CDCI is part of a national network of University Centers for Excellence in Developmental Disabilities (UCEDDs).
The Center on Disability and Community Inclusion (CDCI), at The University of Vermont, in collaboration and coordination with individuals with developmental disabilities, their families and communities, will promote opportunities for valued life outcomes for individuals with disabilities of all ages in all facets of community life.
Mission statement, "To improve the lives of individuals with disabilities and their families through research, training, and community services"The University of Vermont combines faculty-student relationships most commonly found in a small liberal arts college with the resources of a major research institution. The university is home to 9,867 undergraduates, 1,384 graduate students, 453 medical students and 1,303 full- and part-time faculty.
There are currently 67 UCEDDs, with at least one in every state and US territory. Each UCEDD is affiliated with a major research university and serves as a resource for all people in the areas of education, research, and service relative to the needs of people with developmental disabilities.
Since 1963, University Centers for Excellence in Developmental Disabilities Education, Research, and Service (UCEDD) have been working to accomplish a shared vision that foresees a nation in which all Americans, including Americans with disabilities, participate fully in their communities. Independence, productivity, and community inclusion are key components of this vision.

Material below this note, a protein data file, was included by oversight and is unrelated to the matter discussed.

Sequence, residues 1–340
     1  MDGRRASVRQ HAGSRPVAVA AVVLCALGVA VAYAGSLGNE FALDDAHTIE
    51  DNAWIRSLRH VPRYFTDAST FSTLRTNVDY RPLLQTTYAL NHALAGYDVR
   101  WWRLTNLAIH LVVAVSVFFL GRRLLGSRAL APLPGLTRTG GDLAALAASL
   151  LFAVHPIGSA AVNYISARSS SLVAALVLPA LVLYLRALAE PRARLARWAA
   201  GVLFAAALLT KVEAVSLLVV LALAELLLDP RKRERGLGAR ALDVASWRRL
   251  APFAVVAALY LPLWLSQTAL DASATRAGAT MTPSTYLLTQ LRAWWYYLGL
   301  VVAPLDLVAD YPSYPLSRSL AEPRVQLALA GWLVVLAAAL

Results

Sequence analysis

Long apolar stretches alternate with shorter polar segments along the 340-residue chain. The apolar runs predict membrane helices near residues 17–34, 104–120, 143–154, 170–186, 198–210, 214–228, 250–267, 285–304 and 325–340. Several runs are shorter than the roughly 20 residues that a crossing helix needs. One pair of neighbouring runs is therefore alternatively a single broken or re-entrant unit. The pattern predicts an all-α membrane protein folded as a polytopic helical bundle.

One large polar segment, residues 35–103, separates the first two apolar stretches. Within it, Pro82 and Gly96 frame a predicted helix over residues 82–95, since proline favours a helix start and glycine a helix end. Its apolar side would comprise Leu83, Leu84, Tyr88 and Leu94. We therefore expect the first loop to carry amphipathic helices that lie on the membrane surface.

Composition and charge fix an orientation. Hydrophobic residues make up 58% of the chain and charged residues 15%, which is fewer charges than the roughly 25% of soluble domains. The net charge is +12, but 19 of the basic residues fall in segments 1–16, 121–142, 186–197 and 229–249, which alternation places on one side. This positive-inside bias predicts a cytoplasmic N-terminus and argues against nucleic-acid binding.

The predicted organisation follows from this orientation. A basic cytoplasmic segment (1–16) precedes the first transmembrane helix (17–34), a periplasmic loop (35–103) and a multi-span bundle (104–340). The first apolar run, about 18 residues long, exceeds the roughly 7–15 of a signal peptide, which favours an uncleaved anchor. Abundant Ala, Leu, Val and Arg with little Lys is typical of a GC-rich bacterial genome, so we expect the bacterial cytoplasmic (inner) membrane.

Sixty-seven UCEDDs in every state and territory are located in a university setting. Centers are in a unique position to facilitate the flow of disability-related information between community and university. Centers work with people with disabilities, members of their families, state and local government agencies, and community providers in projects that provide training, technical assistance, service, research, and information sharing, with a focus on building the capacity of communities to sustain all their citizens.
Centers have played key roles in every major disability initiative over the past four decades. Many issues, such as early intervention, health care, community-based services, inclusive and meaningful education, transition from school to work, employment, housing, assistive technology, and transportation have been directly benefited by the services, research, and training provided by UCEDDs.
The 2009 AUCD Conference Event is centered around the network members and the disability community gathering together to address the opportunities and challenges presented by current changes in the economic, political, social, and environmental climate.
With a growing membership of UCEDDs, LENDs, and IDDRCs along with international affiliates, AUCD is a network of interdisciplinary centers advancing policy and practice for and with individuals with developmental and other disabilities, their families, and communities and has become a key disability community organization.
This annual meeting offers you a chance to interact with policymakers, researchers, administrators, families, students, and advocates across these types of organizations and across disciplines.